Published 15.05.2021 by Schmitt Trading Ltd.
Search engines were designed to understand, discover, and organize the internet’s content in order to provide the best search results to search queries made by searchers. Not all domain owners know whether their site’s pages have been discovered by search engines (Google, Bing, Yahoo, Baidu, etc.); many don’t even know how to make a quick check.
Before a domain’s pages can show up in any search engine’s results, its content has to be first be discovered, interpreted, and recorded, or indexed by search engines. If your domain or site can’t be found by search engines, then it won’t be possible for its pages to show up on any search engine results pages (SERPs).
This article discusses how search engines gather information from across the internet by the process of “crawling”, and how you can find out whether your domain’s pages are in a search engine’s index. Before we go there, let’s first discuss how search engines work by crawling on domains before relevant pages can be found, indexed, and recorded.
How Search Engines work by Crawling
Crawling is a process whereby search engines continuously use robots called spiders and crawlers to access URLs or links and discover new and updated content in any format (Word documents, PDFs, videos, web pages, images, etc.) on the internet.
For instance, Google, which is the most widely used search engine, uses its Googlebot or web crawler to gather few of a domain’s web pages and follows the path of the web pages’ URLs to discover new URLs; by generally utilizing the path of the URL’s or links, the Googlebot crawler is able to discover new content and supply it to its index called “Caffeine” which is a gigantic database of discovered URLs.
When searchers seek for information on Google, it is from Caffeine that Google selects the information that is the best match and displays it on its search engine page results.
Three Main Functions of Search Engines
Generally, search engines work by doing three major functions: (1) crawling, (2) indexing, and (3) content or page ranking. During crawling, each search engine hovers around the internet to interpret and find content or domain pages associated which each URL that can be accessed.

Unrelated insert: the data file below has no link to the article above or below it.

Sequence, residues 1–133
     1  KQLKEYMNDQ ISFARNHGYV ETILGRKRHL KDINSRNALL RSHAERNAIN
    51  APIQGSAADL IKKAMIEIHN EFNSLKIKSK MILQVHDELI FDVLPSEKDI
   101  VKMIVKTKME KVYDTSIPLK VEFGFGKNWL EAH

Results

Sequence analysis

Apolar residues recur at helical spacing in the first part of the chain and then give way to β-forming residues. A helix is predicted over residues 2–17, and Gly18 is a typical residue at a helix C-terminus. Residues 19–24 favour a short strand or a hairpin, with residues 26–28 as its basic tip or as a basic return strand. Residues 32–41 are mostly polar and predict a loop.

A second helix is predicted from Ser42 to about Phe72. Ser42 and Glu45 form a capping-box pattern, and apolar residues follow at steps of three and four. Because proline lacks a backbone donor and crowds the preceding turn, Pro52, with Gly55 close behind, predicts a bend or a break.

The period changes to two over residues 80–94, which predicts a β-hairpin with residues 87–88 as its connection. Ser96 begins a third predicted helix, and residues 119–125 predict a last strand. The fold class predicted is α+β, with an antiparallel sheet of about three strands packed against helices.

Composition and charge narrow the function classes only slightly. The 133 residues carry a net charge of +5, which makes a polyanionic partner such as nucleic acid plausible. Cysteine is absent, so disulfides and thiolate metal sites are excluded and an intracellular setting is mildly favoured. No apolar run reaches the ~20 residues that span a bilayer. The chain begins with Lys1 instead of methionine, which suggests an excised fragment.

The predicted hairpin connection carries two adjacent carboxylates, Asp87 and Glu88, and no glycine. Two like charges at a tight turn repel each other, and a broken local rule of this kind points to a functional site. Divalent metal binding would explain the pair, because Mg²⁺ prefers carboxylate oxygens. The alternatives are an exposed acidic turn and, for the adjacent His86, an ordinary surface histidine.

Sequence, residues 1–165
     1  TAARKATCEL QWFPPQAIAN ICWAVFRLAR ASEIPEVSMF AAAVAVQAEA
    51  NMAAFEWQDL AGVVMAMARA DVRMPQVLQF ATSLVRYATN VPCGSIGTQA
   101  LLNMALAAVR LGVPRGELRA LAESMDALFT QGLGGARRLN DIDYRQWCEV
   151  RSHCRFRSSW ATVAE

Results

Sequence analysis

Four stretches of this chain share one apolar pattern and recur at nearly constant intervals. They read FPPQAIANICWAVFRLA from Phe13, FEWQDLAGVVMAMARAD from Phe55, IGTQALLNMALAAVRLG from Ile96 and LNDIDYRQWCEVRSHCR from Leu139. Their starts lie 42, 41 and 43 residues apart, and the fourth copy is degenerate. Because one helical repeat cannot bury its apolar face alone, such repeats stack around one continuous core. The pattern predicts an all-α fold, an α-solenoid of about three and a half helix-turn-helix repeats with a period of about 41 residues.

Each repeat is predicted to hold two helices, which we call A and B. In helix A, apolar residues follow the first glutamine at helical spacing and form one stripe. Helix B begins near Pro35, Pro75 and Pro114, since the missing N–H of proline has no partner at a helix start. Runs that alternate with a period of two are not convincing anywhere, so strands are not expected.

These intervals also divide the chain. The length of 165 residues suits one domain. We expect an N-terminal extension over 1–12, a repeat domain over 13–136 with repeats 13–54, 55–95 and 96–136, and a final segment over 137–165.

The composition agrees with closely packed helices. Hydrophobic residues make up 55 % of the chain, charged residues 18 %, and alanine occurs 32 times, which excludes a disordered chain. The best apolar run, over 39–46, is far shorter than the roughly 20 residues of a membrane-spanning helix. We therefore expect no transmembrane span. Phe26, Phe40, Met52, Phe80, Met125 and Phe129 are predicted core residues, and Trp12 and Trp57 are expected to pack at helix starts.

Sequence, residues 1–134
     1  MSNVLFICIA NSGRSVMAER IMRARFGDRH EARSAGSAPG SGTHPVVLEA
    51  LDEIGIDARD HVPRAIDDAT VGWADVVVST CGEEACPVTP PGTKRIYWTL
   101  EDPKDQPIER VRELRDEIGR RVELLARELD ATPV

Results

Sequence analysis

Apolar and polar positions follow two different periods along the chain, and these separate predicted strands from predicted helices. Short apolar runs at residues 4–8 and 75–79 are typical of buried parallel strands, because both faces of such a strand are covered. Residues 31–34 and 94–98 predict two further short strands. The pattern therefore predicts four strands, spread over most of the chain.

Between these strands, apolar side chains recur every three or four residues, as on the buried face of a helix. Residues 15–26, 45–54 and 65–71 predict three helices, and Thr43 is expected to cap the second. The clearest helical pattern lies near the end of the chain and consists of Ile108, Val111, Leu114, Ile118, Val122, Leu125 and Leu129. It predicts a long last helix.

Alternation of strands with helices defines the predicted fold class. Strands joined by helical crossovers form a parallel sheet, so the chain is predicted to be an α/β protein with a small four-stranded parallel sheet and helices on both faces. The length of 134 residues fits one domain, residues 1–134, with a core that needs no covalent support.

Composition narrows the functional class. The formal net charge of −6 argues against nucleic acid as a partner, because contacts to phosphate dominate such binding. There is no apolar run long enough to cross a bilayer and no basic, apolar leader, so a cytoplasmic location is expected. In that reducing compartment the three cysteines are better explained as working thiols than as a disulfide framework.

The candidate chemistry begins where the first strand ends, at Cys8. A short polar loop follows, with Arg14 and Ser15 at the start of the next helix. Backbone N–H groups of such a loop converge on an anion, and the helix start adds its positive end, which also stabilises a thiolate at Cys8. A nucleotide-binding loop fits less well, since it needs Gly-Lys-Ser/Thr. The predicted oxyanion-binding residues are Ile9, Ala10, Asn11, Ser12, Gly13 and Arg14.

During indexing, search engines organize and record or save content discovered during crawling. During content or page ranking, search engines provide search results to queries made by searchers, and arrange content from the most relevant content at the top, downwards to the least relevant content on the next and bottom search engine result pages.
When anyone searches for a keyword or keywords on a search engine, the search engine hovers over its index for highly relevant content and orders them from the most relevant to the least relevant on its results pages, with the aim of providing information or solutions to each query.
The ordering of search results from the most relevant to least relevant is known as “ranking”. It can be rightly assumed that the more a search engine perceives that a domain’s content is relevant to a query, the more the search engine would rank it higher on its results pages.
To find out if a search engine has your domain’s pages, go to its search box and type “site:yourdomain”, and click “search”
Your domain or site has to be crawled and indexed by a search engine before its content can show up in the search engine’s results pages (SERPs). It would be a good idea to find out how many of your domain’s pages have been crawled and indexed by a search engine; the results would confirm whether the search has indexed your domain’s pages and has been discovering new pages on your site whenever you publish content.
To find out if your domain’s pages have been indexed by a search engine (Google, Bing, Yahoo, etc.), go to the search engine’s search box and type “site:yourdomain”, and the search engine will either provide results or not provide any results; either way, it would confirm whether or not it has indexed your site. Figure 1 below shows the Google search results for “site:schmitt-trading.com”, while figures 2 and 3 show the Bing and Yahoo search results for “site:motivationenvironment.com”
Figure 1: Google search results for “site:schmitt-trading.com”
Figure 2: Bing search results for “site:motivationenvironment.com”
Figure 3: Yahoo search results for “site:motivationenvironment.com”
The number of results shown by a search engine gives an idea of a domain or site’s pages that have been crawled and indexed, and how they are showing up at the moment in search results. To get more accurate results, use the Index Coverage report in Google Search Console. You can sign up for free on Google Search Console, and also submit your site to Yahoo and Bing respectively.
If your domain’s pages are not showing up in a search engine’s search results pages, then it could be because of any of the following reasons:
1. Your domain is new and hasn’t been crawled and indexed by the search engine.
2. There are no other websites that have linked to any of your domain’s pages.
3. Your domain makes it difficult for a search engine’s robot to crawl it effectively.
4. Search engines have detected some basic code or crawler directives that have been blocking search engines from crawling on your domain.
5. Google has penalized your domain for using spammy tactics.
If you want your domain’s pages or content to be discovered by search engines, ensure that your domain’s content is accessible to search engines’ crawlers, and can be indexed, otherwise, it will remain invisible. Note: you can submit your domain to Google Search Console, and also to Yahoo and Bing respectively.